International Mathematics Competition for University Students

The International Mathematics Competition for University Students (IMC) is an annual mathematics competition open to all undergraduate students of mathematics.[1] Participating students are expected to be at most twenty three years of age at the time of the IMC. The IMC is primarily a competition for individuals, although most participating universities select and send one or more teams of students. The working language is English.

The IMC is a residential competition and all student participants are required to stay in the accommodation provided by the organisers. It aims to provide a friendly, comfortable and secure environment for university mathematics students to enjoy mathematics with their peers from all around the world, to broaden their world perspective and to be inspired to set mathematical goals for themselves that might not have been previously imaginable or thought possible. Most notably, in 2018 a mathematician who participated in the 7th IMC [2] held at University College London in 2000 received mathematics' most prestigious award, the Fields Medal.[3][4] Students from over 200 universities from over 50 countries have participated over the first twenty six competitions. At the 26th IMC in 2018 participants were awarded Individual Result Prizes, Team Result Prizes, Fair Play Prizes and Most Efficient Team Leader Prizes.[5]

University College London[6] has been involved in the organisation of the IMC and Professor John E. Jayne[7] has served as the President from the beginning in 1994. The IMC runs over five or six days during which the competitors sit two five-hour examinations, each with five questions (six until 2008) chosen by a panel and representatives from the participating universities. Problems are from the fields of Algebra, Analysis (Real and Complex), Combinatorics and Geometry.[8]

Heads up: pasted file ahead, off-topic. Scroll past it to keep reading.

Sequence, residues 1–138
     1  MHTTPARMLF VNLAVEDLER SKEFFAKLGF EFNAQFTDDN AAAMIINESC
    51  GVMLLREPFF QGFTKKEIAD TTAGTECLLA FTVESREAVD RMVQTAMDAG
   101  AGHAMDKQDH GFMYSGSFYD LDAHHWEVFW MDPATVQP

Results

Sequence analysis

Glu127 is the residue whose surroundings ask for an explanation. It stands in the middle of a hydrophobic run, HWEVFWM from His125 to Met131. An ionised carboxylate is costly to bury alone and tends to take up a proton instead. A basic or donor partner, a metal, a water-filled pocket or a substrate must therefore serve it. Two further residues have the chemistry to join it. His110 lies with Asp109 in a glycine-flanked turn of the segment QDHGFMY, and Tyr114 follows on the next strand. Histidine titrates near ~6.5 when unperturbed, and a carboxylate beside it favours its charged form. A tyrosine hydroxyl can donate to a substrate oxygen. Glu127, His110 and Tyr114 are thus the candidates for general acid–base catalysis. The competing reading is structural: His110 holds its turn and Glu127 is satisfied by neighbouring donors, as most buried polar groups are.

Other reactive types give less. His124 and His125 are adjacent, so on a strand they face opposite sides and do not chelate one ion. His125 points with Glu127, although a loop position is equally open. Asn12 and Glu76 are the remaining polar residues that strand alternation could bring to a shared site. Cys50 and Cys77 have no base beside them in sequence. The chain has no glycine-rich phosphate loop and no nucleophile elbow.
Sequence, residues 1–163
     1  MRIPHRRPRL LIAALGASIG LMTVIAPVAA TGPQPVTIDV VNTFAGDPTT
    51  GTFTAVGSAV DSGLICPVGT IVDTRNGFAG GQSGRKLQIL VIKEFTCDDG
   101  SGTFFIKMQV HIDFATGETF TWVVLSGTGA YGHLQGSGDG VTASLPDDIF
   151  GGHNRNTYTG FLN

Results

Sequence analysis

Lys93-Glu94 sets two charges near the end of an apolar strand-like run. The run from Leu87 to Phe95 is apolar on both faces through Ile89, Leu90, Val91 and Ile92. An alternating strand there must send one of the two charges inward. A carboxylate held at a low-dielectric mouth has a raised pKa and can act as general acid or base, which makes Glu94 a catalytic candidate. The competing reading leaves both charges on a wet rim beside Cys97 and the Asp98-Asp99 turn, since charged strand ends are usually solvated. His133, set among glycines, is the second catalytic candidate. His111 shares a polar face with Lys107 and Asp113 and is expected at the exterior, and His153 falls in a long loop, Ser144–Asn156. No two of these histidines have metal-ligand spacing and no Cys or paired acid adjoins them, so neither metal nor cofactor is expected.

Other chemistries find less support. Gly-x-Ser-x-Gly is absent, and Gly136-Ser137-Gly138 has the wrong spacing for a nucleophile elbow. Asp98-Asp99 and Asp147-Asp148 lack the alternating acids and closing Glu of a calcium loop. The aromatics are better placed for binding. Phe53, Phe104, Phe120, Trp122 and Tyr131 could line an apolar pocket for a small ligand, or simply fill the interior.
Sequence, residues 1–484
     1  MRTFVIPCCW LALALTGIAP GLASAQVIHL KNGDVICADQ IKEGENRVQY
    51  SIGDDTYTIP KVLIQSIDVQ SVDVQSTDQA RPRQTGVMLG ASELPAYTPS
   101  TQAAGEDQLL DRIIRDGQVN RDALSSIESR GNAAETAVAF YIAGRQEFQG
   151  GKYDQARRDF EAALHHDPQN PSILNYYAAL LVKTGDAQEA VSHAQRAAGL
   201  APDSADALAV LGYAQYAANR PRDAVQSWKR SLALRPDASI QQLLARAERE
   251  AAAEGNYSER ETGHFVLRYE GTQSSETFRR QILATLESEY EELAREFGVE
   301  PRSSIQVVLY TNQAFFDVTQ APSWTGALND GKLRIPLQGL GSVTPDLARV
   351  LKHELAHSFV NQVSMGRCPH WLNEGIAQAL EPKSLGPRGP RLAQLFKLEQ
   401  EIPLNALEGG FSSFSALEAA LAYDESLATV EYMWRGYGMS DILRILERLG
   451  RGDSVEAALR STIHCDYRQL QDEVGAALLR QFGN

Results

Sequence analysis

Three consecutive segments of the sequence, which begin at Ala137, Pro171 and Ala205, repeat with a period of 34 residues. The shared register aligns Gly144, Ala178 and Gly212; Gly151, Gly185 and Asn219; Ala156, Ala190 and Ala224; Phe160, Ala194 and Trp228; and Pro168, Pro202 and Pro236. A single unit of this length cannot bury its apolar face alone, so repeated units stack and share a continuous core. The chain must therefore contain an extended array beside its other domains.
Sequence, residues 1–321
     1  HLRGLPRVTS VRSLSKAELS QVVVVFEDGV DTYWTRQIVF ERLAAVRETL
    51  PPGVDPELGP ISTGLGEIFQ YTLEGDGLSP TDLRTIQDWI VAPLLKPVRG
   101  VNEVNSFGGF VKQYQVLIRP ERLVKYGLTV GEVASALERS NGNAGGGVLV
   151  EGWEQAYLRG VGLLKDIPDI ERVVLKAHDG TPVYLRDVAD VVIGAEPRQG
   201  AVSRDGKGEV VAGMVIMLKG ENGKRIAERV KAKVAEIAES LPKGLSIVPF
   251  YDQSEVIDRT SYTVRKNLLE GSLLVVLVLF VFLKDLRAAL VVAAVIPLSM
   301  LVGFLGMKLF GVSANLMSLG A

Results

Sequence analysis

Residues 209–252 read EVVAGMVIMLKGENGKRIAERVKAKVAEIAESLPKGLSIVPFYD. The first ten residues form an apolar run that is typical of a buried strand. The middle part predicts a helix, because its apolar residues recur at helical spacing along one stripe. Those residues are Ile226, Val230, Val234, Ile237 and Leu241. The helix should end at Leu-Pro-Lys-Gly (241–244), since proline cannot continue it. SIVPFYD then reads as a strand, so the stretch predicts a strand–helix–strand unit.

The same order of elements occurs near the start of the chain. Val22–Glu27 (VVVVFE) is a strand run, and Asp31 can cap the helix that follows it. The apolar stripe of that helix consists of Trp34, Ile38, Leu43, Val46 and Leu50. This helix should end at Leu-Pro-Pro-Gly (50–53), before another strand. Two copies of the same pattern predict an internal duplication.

The IMC began in 1994 in Plovdiv, Bulgaria, with 49 participants, mostly from Bulgaria, and was hosted by Plovdiv University "Paisii Hilendarski". The 2nd, 3rd and 4th IMC were also hosted by Plovdiv University "Paisii Hilendarski" in Plovdiv. From 1996 to 1999 the IMC was one of the activities of the Structural Joint European Union TEMPUS Project #S_JEP-11087-96, entitled "Modular Education in Mathematics and Informatics",[9] which was the flag ship European Union TEMPUS Project[10] in Bulgaria at the time, aimed at bringing Bulgaria's university mathematics and computing degree programs into line with those in the European Union in preparation for Bulgaria's entry into the European Union. University College London was the Contractor for this European Union TEMPUS Project and Professor Jayne was the Coordinator of the Project. In 1998 the 5th IMC was moved to Blagoevgrad, Bulgaria, and was hosted by both the South-West University "Neofit Rilski" in Blagoevgrad and the American University in Bulgaria. The 5th IMC had 80 participants from 9 countries.[11]